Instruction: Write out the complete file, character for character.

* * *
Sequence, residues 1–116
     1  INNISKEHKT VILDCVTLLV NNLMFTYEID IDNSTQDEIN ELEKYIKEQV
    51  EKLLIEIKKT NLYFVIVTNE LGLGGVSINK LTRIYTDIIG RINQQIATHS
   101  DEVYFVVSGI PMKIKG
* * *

Sequence, residues 1–116
     1  INNISKEHKT VILDCVTLLV NNLMFTYEID IDNSTQDEIN ELEKYIKEQV
    51  EKLLIEIKKT NLYFVIVTNE LGLGGVSINK LTRIYTDIIG RINQQIATHS
   101  DEVYFVVSGI PMKIKG